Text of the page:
Many words have been written on the subject. However, most people still seem unable to take a good self‐portrait. The following are some concrete tips to alleviate the most common mistakes found in selfies. Whether you need a new photo for a your Facebook/Twitter profile, online dating site, or your résumé; these hints should help you look your best.
All these tips are based on my own personal exposure to bad self‐portraits over the years. I have wanted to write these for some time. In the hope that it may help improve at least some of the millions of self‐portrait taken every day. They all apply to smartphone photography as much as anything else.
Take as much care with the background as your own appearance. Do not show off the mess around you. Tidy off and clean surfaces, especially glass and reflective ones as they will be especially visible. Untidiness leaves a bad first impression.
A plain and simple background is often the best choice. Try to align objects or wallpaper into straight angles behind you.
Be the only person in the photograph! Other people are distracting and could be mistaken for you out of context. You are showing off yourself so make sure you're the focal point.
Some examples of poor choices for backgrounds to get you thinking: A cluttered bookshelf or a grocery‐store (anywhere with shelves, really), a graveyard, a pet bed, or a loaded drying rack.
More light is better. Put a flashlight in a corner. Even a phone's lit up screen can help. Try bringing an extra lamp into the room.
Do not shine strong light sources directly upon your person. Avoid light sources directly behind you. Ideally, lights should be facing the surrounding walls or other neutral surfaces and be reflected back on you.
Review your images and make sure your face has an okay color. Red, yellow, blue, or green light/reflections make you look sick.
Do not photograph your reflection in a mirror! Turn the camera around and use the reflection of the seeker (your phone's display) to align the shoot.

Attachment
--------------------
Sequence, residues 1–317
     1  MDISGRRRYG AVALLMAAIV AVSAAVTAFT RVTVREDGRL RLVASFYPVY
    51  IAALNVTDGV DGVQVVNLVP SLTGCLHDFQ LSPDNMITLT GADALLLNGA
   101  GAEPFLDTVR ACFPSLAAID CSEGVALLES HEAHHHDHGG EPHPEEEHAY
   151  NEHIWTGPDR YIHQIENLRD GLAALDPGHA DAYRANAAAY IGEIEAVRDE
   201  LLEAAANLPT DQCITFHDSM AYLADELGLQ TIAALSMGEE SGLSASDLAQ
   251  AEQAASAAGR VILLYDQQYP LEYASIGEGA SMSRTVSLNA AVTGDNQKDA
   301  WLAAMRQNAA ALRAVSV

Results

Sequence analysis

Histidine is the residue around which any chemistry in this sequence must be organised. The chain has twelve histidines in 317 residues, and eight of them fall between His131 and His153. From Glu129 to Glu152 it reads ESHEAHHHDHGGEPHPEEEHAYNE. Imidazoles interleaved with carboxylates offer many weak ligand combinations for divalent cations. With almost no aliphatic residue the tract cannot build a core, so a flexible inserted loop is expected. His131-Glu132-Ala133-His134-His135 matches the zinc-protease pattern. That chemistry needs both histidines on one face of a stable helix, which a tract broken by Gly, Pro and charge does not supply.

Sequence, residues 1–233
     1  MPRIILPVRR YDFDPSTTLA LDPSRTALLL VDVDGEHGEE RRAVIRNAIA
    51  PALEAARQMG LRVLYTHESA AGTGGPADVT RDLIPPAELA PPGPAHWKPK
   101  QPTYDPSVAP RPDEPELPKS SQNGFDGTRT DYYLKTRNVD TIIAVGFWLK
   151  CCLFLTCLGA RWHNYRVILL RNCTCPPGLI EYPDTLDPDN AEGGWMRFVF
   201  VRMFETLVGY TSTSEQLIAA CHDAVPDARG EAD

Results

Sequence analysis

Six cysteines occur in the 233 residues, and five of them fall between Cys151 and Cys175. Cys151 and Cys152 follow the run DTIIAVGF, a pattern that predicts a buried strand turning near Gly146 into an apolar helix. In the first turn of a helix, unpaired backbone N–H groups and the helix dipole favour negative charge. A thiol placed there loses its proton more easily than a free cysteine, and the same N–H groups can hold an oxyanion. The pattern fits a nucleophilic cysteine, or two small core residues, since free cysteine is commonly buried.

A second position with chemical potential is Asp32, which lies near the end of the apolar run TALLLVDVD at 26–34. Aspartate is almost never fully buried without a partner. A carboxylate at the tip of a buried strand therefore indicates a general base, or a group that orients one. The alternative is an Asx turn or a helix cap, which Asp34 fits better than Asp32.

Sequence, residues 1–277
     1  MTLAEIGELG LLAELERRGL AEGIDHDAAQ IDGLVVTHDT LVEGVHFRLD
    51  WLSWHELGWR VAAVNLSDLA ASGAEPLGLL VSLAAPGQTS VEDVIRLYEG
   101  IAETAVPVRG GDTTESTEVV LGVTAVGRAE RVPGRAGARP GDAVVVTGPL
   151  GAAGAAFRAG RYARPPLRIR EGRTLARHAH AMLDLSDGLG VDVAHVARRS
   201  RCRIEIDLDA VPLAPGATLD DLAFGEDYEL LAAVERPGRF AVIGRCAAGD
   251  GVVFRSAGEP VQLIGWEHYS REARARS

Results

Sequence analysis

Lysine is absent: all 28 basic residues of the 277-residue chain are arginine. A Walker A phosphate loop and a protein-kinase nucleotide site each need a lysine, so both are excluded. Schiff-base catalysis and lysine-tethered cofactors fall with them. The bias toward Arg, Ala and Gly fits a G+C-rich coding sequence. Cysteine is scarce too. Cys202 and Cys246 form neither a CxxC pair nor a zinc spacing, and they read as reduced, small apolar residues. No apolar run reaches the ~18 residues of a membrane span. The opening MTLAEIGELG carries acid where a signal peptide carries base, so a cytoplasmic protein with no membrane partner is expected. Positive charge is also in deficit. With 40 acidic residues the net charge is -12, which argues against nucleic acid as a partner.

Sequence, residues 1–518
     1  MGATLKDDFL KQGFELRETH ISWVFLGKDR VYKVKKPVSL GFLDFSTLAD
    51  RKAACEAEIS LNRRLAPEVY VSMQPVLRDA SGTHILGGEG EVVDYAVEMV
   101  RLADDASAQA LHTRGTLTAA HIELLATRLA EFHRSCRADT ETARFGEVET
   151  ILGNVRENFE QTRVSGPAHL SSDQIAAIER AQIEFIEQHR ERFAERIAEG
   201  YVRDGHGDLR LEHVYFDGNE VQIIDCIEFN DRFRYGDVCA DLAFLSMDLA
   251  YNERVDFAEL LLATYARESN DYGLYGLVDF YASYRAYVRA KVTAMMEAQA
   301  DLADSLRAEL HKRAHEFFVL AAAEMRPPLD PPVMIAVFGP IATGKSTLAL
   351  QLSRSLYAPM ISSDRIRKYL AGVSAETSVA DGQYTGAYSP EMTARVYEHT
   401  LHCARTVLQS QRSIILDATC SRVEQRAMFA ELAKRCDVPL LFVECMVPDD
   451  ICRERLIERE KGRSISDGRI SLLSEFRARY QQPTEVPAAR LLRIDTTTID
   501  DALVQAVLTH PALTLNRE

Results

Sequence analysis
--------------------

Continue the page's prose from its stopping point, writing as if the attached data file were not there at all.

If you absolutely must take a photo of your reflection in a mirror, make sure to CLEAN the mirror. Toothpaste spots all over your clothing and face is unattractive. Take the photo at a 90° angle into the mirror to avoid distorting the reflection. Distorted reflections can make you look … wide. This is especially common when holding the camera at a low angle and tilting it upwards.
As the photo is likely taken in a bathroom or in a locker‐room, try to hide that fact. Crop out any object looking like it belongs in a bathroom. You do not want to be associated with things belonging near a toilet.
Stand up or sit straight. Avoid leaning backwards. Lower your shoulders. Relax.
Experiment with angles to find your face’s best side. Keep in mind that the lighting and background can affect what is normally your best angle, so always experiment.
Never lie down. It takes some serious planning and experience to not look like a mess when laying down for a photo.
Unless you are at the beach, playing volleyball, or in a similar setting: keep all your clothes on. Ask your friends to play volleyball if you really need to show off.
Look happy. Smile. Do not overdo it (the infamous “duck face”) and avoid a vacant look. There is not much else too it. Review your photo afterwards and make absolutely sure you look alive and awake. Failing that, get some sleep and try again the day after earlier in the day.
Fixing it up
Try avoiding the temptation to apply any filters or touch‐up effects. Assuming the lighting is done right, there should not be any need for it. A poorly applied filter will look bad on any photo.
Crop it down to the essentials. The essentials being you! Here, experience is key. Luckily, it is easy to come by. Look at other photos online, see what cuts you like and see how they work on your portrait.
Lastly, the most important tip: Do not settle for the first photograph! You can literally take hundreds within an hour. Take a few different photos and find the one you like the best.